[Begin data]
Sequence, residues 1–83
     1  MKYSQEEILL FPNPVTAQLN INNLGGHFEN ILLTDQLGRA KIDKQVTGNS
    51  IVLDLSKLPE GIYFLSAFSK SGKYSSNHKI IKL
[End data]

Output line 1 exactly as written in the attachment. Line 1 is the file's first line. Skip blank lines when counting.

Sequence, residues 1–83